8
$\begingroup$

Is there a functon that counts the number of ways in which an even number can be expressed as a sum of two primes?

$\endgroup$
  • 6
    $\begingroup$ there is one, you just defined it... $\endgroup$ – Xoff Aug 7 '12 at 12:55
9
$\begingroup$

See Goldbach's comet at Wikipedia.

EDIT: To expand on this a little, let $g(n)$ be the number of ways of expressing the even number $n$ as a sum of two primes. Wikipedia gives a heuristic argument for $g(n)$ to be approximately $2n/(\log n)^2$ for large $n$. Then it points out a flaw with the heuristic, and explains how Hardy and Littlewood repaired the flaw to come up with a better conjecture. The better conjecture states that, for large $n$, $g(n)$ is approximately $cn/(\log n)^2$, where $c>0$ depends on the primes dividing $n$. In all cases, $c>1.32$.

I stress that this is all conjectural, as no one has been able to prove even that $g(n)>0$ for all even $n\ge4$.

$\endgroup$
2
$\begingroup$

Yes, there is such a function and it has been studied for at least a century. See Sloane's A002375. But it doesn't have a set letter specified for it. Here I will use $g$. So, for example, $g(36) = 4$, $g(38) = 2$. (If you're looking in Sloane's, be sure to divide by 2 before looking up). There is also a function which requires the primes to be distinct, so $31 + 7 = 38$ counts but $19 + 19$ does not; that has also been studied for at least a century.

Now, is there a formula that you can plug in an even number $2n$ and have it give you an answer without knowing the primes up to $n$? I think that if the Riemann hypothesis is proven, it could lead to such a formula. As a quick and dirty estimate, I suggest $g(2n) \approx \frac{n}{8}$; your mileage may vary.

EDIT: Gerry Myerson rightly pointed out that $g(2n) < \pi(n)$, and that my quick and dirty estimate is quite inadequate for large numbers. From his comment, I revise my quick and dirty estimate to $g(2n) \approx \frac{n}{4 \log n}$. The point that I was getting at is that Bertrand's postulate tells us there is always at least one prime between $n$ and $2n$, and it seems unlikely to me that each and every prime in that interval would fail to "match" to a prime between 1 and $n$.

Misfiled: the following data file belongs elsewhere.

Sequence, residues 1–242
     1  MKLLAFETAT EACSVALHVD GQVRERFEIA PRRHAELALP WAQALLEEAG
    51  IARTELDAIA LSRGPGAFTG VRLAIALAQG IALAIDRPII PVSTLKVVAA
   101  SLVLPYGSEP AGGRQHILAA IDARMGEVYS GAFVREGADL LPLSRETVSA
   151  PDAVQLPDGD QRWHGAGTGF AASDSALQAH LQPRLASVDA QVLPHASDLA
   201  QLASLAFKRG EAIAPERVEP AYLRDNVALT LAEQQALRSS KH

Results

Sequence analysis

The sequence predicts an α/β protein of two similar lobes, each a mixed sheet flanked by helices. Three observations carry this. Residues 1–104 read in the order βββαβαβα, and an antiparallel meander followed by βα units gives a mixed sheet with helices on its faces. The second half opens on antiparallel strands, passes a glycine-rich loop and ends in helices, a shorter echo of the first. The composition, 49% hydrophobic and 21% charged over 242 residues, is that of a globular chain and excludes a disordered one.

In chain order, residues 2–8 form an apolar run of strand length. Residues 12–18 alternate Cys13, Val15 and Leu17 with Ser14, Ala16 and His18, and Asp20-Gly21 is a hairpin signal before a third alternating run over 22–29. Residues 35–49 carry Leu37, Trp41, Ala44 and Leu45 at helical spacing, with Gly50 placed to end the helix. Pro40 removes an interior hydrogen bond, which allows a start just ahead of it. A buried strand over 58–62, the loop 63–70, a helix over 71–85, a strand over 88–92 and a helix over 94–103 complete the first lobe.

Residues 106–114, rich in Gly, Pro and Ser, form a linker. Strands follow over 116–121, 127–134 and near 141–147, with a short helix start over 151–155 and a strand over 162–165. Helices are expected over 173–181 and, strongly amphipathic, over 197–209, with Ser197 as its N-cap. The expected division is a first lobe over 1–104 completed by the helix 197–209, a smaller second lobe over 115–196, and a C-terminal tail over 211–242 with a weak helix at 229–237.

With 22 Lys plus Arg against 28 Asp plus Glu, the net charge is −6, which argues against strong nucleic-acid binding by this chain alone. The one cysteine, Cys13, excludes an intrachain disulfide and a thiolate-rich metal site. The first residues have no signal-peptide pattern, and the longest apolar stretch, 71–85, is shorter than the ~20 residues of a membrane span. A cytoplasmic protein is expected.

$\endgroup$
  • $\begingroup$ Your $g(n)$ is clearly no bigger than the number of primes up to $2n$. For $n$ large, the number of primes less than $2n$ is roughly $2n/\log n$, which is much smaller than $n/8$. So the "quick and dirty" estimate can't be much good, once $n$ is large enough. Also, to the best of my knowledge, the Riemann Hypothesis has nothing to do with it. $\endgroup$ – Gerry Myerson Dec 21 '14 at 19:49
  • $\begingroup$ Mostly good points. As for the Riemann hypothesis, that's just speculation on my part. $\endgroup$ – Robert Soupe Dec 21 '14 at 21:10
  • $\begingroup$ The Prime Number Theorem tells us much more than Bertrand's Postulate; instead of one prime between $n$ and $2n$, there are asymptotically $n/\log n$ of them. And a careful consideration of the likelihood of matchups with primes between $1$ and $n$ leads to an estimate of $cn/(\log n)^2$ for $g(n)$, for a certain constant $c$. Have a look at the Wikipedia essay on the Goldbach conjecture. $\endgroup$ – Gerry Myerson Dec 22 '14 at 8:15
  • 2
    $\begingroup$ You guys, you're basically in agreement on the essential point here: as $n$ gets larger, so does the number of potential Goldbach sums. A quick and dirty estimate is just that, and not a tight upper or lower bound. But Gerry, I think you'd do well to post your own answer. Another way of saying the same thing is that a Goldbach failure number is probably less likely to exist than an odd perfect number. $\endgroup$ – Lisa Dec 22 '14 at 17:31
  • 2
    $\begingroup$ @Lisa, I did post an answer, over two years ago. $\endgroup$ – Gerry Myerson Dec 22 '14 at 18:34
1
$\begingroup$

Let's define g(n) as the number of decompositions of $2n$ into ordered sums of two odd primes (A002372)

The following sum gives the exact value for g(n): $$g(n) = \sum_{i=2}^{\pi(2n)} \pi(2n-p(i))-\pi(2n-1-p(i))$$

where $p(n)$ is the nth prime and $\pi(n)$ is the prime-counting function.


Now if you are looking for something that will work without knowing the primes up to $n$, we can get a pretty good estimate from the sum above. Let's consider the sum of all $g(i)$ from $i=3\to n$: $$ \sum_{i=3}^{n} g(i)$$ From the first sum, we can get: $$\sum_{i=3}^{n} g(i) = 1+\sum_{i=3}^{\pi(2n)} \pi(2n-p(i))$$ If we replace $\pi(n)$ with $\frac{n}{ln(n)}$ and $p(n)$ with $nln(n)$, we know from the prime number theorem that the bigger the interval $n-3$ gets, the more precise our estimation gets: $$\sum_{i=3}^{n} g(i) \approx 1+\sum_{i=3}^{\frac{2n}{ln(2n)}} \frac{2n-iln(i)}{ln(2n-iln(i))}$$ Since: $$ g(n) = \sum_{i=3}^{n} g(i) - \sum_{i=3}^{n-1} g(i)$$ $$ g(n) \approx (1+\sum_{i=3}^{\frac{2n}{ln(2n)}} \frac{2n-iln(i)}{ln(2n-iln(i))})-(1+\sum_{i=3}^{\frac{2(n-1)}{ln(2(n-1))}} \frac{2(n-1)-iln(i)}{ln(2(n-1)-iln(i))})$$ $$ g(n) \approx \sum_{i=3}^{\frac{2n}{ln(2n)}} \frac{2n-iln(i)}{ln(2n-iln(i))}-\sum_{i=3}^{\frac{2n-2}{ln(2n-2)}} \frac{2n-2-iln(i)}{ln(2n-2-iln(i))}$$

The results is quite surprising, yet not very practical. The value of the estimation seems to behave like the real g(n), only in a more regular way:
enter image description here enter image description here

$\endgroup$

Your Answer

By clicking “Post Your Answer”, you agree to our terms of service, privacy policy and cookie policy

Not the answer you're looking for? Browse other questions tagged or ask your own question.